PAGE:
As with so many other questions you may have when first getting your business together, hosting options do not have a black and white answer. What may work for one business will not necessarily fit in well for another. So, how do you navigate the hosting minefield without putting a foot wrong? Easy, you keep on reading.
The different options
When you first begin to look into the different hosting options available you’ll probably be wondering what the key differences are between them all. Here we’ll give you a brief breakdown of each.
Shared hosting does pretty much what it says on the tin. One server, held by the hosting provider, distributes hosting for multiple websites. This is a sound option if you are going to be starting off small and on a budget, as the costs will be far lower than the other options available. Another plus is that you will be able to take advantage of the hosting providers support team too, vital for those with little or no technical knowledge.
However, shared hosting does have its drawbacks. If you are anticipating huge traffic right from the start, or if you are launching a huge, bandwidth hungry site, shared hosting probably won’t be able to cope with your demands. If you have the technical know-how and intend to hit the ground running, one of the other options may be a more appropriate way to go.
Dedicated hosting is a more expensive, bespoke way of hosting your website. Your site will be placed on one single server and you will have full control over both its administration and usage. In order to have dedicated hosting you can do one of two things: either rent a server from a hosting provider which will be stored on their premises or purchase your own server which can either be held on-site or stored in a designated server facility.
Larger startups will see the benefit of dedicated hosting, but for more medium sized businesses, dedicated hosting may be a little too much too soon. Setting up dedicated hosting can be a significant investment and you will also need to have a team in place who can handle any hiccups along the way, as you will generally have full responsibility for the health of your server. As extended periods of downtime can effectively kill a business, this is something that you will to give serious consideration to before committing to a dedicated server.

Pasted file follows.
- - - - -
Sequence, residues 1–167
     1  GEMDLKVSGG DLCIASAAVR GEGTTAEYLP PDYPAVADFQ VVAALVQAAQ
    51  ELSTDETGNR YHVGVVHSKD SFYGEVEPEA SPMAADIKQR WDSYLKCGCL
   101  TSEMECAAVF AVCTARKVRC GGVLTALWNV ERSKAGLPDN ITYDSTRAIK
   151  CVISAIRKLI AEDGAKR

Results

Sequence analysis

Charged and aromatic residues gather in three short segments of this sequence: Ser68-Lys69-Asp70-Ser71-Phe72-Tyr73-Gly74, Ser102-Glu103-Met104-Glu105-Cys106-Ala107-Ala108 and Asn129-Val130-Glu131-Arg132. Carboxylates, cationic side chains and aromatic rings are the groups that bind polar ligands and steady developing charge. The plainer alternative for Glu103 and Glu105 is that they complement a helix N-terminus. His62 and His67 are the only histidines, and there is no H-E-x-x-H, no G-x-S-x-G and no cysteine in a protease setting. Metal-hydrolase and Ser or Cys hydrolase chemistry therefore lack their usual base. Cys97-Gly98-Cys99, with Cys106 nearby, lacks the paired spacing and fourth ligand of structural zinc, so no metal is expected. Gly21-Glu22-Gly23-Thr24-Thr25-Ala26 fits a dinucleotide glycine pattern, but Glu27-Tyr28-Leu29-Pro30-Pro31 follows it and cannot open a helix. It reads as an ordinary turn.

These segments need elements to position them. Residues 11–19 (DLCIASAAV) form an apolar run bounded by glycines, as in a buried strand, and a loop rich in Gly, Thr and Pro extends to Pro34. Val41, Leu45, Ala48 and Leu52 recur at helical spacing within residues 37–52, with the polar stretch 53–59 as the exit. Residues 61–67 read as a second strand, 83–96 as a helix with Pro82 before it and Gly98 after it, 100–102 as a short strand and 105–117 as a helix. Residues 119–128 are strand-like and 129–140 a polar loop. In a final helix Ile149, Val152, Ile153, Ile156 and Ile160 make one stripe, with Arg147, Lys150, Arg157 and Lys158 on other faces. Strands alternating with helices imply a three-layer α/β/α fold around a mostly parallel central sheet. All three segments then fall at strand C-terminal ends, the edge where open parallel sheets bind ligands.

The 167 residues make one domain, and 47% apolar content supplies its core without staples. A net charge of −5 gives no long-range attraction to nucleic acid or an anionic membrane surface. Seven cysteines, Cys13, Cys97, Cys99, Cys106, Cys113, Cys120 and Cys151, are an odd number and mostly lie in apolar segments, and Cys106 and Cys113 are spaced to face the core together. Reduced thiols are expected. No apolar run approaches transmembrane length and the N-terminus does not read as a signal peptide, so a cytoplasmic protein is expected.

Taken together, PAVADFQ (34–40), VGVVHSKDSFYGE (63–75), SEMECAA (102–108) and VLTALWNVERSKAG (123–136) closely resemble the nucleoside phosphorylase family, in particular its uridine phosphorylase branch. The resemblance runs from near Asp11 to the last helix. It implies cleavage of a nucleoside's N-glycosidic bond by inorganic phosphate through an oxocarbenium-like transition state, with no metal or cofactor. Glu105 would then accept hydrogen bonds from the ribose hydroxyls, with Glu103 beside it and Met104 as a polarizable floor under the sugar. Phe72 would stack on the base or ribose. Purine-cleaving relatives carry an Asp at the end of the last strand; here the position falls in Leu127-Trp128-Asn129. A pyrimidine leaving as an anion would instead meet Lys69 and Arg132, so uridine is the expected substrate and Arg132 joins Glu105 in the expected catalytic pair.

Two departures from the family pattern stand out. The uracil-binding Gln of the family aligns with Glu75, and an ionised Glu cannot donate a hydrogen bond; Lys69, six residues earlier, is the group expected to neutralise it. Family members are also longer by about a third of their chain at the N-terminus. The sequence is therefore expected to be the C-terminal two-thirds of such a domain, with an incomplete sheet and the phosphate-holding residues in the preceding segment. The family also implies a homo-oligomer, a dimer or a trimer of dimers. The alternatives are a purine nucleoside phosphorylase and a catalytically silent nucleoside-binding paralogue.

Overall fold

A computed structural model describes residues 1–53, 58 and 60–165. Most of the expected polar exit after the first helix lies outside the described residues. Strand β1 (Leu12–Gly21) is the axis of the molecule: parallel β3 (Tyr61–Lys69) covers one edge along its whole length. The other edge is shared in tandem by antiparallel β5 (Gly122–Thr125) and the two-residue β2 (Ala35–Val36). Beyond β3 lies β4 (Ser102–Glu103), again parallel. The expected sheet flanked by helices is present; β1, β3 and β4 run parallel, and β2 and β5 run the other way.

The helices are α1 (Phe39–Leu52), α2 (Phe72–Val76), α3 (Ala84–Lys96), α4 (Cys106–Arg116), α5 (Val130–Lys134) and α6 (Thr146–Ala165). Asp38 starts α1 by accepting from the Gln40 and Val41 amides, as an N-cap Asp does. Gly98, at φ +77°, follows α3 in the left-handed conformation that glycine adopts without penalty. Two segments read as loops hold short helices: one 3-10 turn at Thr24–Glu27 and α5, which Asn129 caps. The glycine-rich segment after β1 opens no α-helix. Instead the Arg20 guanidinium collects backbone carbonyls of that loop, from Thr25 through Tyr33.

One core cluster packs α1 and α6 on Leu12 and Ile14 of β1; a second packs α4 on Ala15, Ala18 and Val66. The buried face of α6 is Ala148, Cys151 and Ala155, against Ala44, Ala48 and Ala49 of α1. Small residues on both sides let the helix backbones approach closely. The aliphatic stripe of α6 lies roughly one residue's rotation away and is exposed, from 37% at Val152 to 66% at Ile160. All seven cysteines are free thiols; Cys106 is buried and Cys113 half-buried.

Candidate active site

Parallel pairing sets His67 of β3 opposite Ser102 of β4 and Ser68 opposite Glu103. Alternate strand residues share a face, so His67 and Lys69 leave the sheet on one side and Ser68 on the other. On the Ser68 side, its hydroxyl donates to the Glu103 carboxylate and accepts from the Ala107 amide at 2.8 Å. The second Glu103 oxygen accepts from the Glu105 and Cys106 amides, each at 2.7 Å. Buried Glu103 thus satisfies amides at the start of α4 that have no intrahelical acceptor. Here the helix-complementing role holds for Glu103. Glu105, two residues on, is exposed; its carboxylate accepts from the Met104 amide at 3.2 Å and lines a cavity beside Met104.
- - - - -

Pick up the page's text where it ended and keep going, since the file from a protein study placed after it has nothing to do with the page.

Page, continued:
Virtual Private Server (VPS) hosting
The third option available is somewhat of a cross between the two aforementioned hosting options. VPS hosting – e.g. VPS servers provided by Host1Plus – gives businesses a dedicated server, but one that is shared by multiple users. The key difference is that the number of other users is limited and you receive a specific portion of the server to work with.
Choosing to use a VPS gives businesses much of the control associated with a dedicated server, without the hefty initial outlay. Technical support is also available from many VPS hosting providers This will give you peace of mind should anything go wrong and you will have a point of contact to go to for help.
However, it is worth bearing in mind that as you will only have a percentage of a server to work with, you will be limited by the size of that portion. Should you experience a spike in traffic you may not have the necessary resources in place to cope. Speaking to your prospective provider will give you an idea of their contingency plans for such occurrences.
While there are other options, such as private cloud, these three will cover the majority of startups needs. Choosing one is strictly on a case-by-case basis and making the right selection depends solely on your own business needs. However, the more you know about each type, the more you’ll be able to make an informed decision for your burgeoning business.